The differential expression of dental sexual dimorphism in subspecies ofColobus guereza
- Cite this article as:
- Hayes, V.J., Freedman, L. & Oxnard, C.E. International Journal of Primatology (1995) 16: 971. doi:10.1007/BF02696112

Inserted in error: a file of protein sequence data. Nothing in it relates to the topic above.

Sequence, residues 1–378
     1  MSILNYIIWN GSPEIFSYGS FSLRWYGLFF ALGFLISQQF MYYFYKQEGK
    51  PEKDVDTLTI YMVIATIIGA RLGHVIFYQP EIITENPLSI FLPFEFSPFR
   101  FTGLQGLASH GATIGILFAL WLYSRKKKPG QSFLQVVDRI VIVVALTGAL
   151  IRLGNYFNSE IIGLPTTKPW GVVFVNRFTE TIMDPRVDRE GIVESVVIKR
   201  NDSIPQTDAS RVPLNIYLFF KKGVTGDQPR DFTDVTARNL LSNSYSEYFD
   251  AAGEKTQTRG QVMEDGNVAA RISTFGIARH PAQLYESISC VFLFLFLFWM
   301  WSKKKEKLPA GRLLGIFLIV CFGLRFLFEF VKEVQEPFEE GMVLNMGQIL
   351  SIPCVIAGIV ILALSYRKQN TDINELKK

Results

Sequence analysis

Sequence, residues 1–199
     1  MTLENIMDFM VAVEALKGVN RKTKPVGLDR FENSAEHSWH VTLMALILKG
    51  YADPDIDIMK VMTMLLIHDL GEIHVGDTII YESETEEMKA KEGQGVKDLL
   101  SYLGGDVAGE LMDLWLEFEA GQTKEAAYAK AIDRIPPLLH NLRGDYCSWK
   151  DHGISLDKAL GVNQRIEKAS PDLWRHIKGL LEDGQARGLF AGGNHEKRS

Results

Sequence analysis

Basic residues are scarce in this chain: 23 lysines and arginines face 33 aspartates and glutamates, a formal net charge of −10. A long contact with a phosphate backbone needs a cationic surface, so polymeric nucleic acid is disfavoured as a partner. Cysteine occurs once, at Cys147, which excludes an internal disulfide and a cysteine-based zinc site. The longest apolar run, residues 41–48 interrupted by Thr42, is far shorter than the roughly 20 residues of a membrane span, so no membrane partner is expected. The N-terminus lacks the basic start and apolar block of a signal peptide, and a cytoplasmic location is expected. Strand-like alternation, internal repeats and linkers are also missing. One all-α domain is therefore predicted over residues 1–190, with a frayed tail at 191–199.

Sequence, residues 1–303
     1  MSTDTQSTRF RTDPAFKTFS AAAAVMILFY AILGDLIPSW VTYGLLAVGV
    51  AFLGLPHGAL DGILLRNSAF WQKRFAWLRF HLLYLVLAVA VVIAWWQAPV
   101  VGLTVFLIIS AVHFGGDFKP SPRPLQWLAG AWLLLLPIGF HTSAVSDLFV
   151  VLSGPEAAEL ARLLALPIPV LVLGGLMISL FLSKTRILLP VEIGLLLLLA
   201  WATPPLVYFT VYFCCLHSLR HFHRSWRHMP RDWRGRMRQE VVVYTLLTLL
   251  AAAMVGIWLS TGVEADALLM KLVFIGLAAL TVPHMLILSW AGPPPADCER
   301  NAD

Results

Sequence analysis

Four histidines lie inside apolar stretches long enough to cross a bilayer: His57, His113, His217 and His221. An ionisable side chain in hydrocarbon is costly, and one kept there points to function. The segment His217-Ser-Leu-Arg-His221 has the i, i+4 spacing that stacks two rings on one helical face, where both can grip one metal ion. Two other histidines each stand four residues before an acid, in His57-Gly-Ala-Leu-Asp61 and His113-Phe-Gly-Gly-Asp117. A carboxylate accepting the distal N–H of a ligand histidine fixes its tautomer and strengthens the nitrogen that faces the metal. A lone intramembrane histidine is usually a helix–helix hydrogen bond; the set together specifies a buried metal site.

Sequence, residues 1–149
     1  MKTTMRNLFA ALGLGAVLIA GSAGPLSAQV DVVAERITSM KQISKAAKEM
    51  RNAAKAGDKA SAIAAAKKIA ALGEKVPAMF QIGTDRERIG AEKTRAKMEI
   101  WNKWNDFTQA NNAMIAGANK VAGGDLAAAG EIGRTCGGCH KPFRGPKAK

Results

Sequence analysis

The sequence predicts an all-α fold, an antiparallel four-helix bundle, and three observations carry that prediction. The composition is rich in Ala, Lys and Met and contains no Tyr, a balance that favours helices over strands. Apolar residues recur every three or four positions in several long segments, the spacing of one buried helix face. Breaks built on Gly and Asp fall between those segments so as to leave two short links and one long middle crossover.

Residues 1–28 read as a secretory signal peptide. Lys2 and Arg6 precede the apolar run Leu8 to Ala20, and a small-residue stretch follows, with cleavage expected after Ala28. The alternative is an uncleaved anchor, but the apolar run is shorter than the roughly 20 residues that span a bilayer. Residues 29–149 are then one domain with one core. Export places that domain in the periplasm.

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Data on dental sex differences in seven of the eight currently recognized subspecies of Colobus guerezareveals a range of expression of sexual dimorphism. Males of most subspecies are larger than females throughout the dentition and this is especially pronounced for the canines and P3For C. g. guerezaand C. g. gallarum,however, sex differences in the canines and P3are less pronounced and females are often slightly larger than males in noncanine dental measurements. C. guerezasspp. occupying comparable habitats express similarities in the degree of maxillary canine dimorphism. In addition, for those subspecies distributed above the equator, there is also a cline of decreasing maxillary canine dimorphism from west to east in a progressively more northern direction. This cline corresponds to the occupation of increasingly more arid habitats, and reduced dimorphism is the result of larger maxillary canine size in females. We propose that this pattern of sexual dimorphism is related to differences in the relative intensity of predation pressure, guereza social organization, and energetic considerations. That the mandibular canine does not exhibit a similar trend of sexual dimorphism suggests that larger maxillary canines in females may function as weapons.